narcissus, daffodil

Life is not always a bed of roses. (Good thing, too, what with those thorns in the stems.) For some people, it is more a bed of narcissuses.



Did you know that a daffodil is a narcissus? You did? I guess some people actually pay attention to what flowers are called and all that.

For the rest of us, Narcissus is a whole genus of pretty flowering plants that bear names such as narcissus, daffodil, and jonquil. Some are yellow through and through. Others are white but orange in the fuzzy bits. Some look like stars, some like shooting stars, some like cartoon characters. They are all just as pretty as their namesake.

Who is probably not their namesake.

You know who Narcissus was, right? The mythological youth who was extremely good looking but only had eyes for himself? He drove would-be lovers to despair; he was finally tricked into seeing his reflection in a pond, fell in love with what he saw, and died staring at his unattainable idol: himself. It has been said that Narcissus is the namesake of the flower. It has also been said, by equally classical sources, that he is not. The overall historical record suggests that the flowers had the name before the mythical character was ever spoken of.

Which is not to say the self-gazer was named after the flower. The Greek root that the flower probably traces back to, and the person may or may not, is ναρκάω narkaó ‘I grow numb’, the same root that gives us narcotic. The smell of the flower may be anaesthetizing, perhaps – or it may be because the flower is poisonous when eaten (and in large-enough quantities can be fatal). Why not just lie back in a bed of them and become comfortably numb instead. Forget your worries… and all those other people out there who seem to cause them.

Think instead about daffodil. Not Daffy Duck, the spluttering cartoon character who always blamed his problems on those around him (I won’t say he had narcissistic personality disorder, but inability to accept responsibility for negative things goes along with insistence on taking credit for positive things as a key feature of it). That would be a name confusion, whereas daffodil is just, like narcissus, sort of a name confusion.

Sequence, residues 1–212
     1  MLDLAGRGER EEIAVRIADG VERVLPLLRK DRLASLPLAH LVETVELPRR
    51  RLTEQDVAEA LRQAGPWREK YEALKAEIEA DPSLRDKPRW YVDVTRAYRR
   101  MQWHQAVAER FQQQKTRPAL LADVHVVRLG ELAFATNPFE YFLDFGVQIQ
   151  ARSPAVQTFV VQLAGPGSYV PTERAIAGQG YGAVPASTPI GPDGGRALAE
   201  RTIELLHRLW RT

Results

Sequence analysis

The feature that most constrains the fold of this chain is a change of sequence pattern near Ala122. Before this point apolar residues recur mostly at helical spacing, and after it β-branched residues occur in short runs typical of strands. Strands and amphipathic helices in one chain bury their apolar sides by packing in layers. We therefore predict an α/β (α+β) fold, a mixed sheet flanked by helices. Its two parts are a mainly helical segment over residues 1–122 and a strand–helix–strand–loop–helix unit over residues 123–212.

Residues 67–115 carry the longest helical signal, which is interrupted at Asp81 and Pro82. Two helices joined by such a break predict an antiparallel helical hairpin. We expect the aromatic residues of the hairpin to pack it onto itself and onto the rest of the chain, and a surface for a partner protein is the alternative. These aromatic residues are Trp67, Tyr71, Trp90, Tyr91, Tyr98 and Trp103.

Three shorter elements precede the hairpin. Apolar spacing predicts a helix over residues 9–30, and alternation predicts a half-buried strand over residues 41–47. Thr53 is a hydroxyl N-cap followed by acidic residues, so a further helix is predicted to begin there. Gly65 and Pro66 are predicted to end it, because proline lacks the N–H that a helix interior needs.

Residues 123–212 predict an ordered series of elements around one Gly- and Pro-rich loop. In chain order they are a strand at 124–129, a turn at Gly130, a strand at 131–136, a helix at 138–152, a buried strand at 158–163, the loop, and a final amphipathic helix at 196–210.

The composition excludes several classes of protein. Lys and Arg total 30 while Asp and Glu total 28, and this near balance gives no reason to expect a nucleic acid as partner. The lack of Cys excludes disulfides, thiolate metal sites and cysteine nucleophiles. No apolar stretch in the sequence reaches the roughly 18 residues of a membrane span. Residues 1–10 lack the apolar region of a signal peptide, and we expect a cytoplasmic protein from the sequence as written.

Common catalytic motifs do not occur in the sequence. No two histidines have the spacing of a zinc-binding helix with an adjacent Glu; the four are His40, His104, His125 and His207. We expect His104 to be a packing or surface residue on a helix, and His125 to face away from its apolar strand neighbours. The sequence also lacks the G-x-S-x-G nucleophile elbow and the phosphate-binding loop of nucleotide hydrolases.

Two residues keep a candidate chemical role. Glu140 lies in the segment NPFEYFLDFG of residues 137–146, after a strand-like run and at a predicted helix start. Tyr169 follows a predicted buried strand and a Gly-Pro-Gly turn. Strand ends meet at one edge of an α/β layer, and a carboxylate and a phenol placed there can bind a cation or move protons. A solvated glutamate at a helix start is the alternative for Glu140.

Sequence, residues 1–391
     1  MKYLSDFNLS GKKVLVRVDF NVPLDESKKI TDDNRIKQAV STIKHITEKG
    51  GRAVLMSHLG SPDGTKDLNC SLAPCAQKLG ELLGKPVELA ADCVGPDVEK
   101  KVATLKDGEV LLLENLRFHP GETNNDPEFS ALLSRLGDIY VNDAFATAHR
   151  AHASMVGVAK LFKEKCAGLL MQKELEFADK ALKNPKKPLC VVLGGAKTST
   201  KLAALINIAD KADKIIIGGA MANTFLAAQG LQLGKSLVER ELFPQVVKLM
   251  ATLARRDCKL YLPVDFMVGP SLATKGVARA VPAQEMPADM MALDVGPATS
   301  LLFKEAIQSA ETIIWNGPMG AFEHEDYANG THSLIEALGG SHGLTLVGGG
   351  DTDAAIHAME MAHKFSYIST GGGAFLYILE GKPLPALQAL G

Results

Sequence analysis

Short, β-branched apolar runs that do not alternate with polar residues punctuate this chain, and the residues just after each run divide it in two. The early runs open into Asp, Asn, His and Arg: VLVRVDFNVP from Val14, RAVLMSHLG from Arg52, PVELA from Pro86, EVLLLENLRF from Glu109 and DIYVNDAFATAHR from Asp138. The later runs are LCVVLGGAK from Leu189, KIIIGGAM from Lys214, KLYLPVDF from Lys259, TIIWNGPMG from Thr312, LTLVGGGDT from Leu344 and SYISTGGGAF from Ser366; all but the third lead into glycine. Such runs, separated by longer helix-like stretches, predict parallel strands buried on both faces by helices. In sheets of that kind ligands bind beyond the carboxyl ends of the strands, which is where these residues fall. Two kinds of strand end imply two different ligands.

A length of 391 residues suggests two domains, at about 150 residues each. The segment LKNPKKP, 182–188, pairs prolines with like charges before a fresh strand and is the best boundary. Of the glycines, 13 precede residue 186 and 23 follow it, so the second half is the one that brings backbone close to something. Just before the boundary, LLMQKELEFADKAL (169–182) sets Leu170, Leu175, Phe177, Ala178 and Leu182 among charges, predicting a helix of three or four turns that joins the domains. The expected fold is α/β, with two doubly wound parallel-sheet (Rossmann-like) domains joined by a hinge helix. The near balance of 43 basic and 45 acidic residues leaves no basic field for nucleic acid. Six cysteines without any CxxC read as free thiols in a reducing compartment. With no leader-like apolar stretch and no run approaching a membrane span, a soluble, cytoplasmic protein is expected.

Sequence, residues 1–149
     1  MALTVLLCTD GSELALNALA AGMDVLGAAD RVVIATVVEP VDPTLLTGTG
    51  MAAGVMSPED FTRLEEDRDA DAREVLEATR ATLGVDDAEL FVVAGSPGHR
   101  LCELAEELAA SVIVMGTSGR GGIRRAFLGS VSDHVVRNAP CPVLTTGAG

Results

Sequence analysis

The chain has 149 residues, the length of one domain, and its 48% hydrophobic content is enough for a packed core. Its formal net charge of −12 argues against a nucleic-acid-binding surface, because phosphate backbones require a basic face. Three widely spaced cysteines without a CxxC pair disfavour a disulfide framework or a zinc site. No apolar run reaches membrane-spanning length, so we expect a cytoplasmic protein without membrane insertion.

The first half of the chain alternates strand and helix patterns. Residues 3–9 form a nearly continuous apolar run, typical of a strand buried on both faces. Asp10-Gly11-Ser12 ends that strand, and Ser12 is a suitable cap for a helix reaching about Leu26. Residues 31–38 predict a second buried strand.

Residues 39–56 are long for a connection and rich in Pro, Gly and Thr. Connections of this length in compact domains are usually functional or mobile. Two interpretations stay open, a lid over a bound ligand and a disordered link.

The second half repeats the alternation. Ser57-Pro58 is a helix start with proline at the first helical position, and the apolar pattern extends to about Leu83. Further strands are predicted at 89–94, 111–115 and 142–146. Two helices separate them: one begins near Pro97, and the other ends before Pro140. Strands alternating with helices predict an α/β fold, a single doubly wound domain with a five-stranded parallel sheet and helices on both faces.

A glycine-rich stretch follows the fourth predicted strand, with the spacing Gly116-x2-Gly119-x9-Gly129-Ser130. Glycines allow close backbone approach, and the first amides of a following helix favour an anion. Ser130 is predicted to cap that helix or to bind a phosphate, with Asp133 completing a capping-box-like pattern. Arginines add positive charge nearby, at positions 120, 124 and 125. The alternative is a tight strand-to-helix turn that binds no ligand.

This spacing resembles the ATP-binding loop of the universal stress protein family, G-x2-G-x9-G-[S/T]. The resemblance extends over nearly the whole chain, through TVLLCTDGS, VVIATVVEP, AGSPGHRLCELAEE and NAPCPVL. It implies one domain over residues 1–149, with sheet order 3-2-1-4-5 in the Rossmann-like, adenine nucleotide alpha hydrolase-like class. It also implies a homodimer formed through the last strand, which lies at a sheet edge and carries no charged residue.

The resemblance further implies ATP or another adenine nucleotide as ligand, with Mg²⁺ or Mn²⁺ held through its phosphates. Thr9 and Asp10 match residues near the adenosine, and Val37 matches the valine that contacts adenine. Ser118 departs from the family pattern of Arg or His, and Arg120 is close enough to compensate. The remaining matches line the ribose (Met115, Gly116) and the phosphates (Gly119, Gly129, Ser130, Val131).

It goes like this: there is a Greek word, ἀσϕόδελος asfodelos, which is another name for the narcissus and for some similar-looking flowers. You may have heard of asphodels, which are not the same as narcissuseseses. Well, the name attached to the narcissus and came through French and some other languages and landed in English as affodill. But through some mysterious attachment, perhaps from a French d’ carried along, perhaps from a Dutch de attached, perhaps from some English cling-on such as what turned Ed into Ted, it gained a d at the beginning. It may be daffy, but will you, nill you, it will do it.

Subsequently the word asphodel was re-borrowed in unaltered form for a lily-type plant. Just to add to the confusion.

But why be confused? Lie back in the daffodils and think only of yourself, and become numb. Or eat one. Wait, don’t do that; they’re poisonous. But like many things that are poisonous, they also have a medicinal use (the dose makes the poison, you know!). Well, they have several traditional medicinal uses, but there is one prescription drug that is made from one of the alkaloids in it: galantamine. It’s used to treat Alzheimer’s disease.

Although I suppose a true narcissist would refuse to accept the possibility of needing galantamine. Well, forget about that. Come look at this pond over here.

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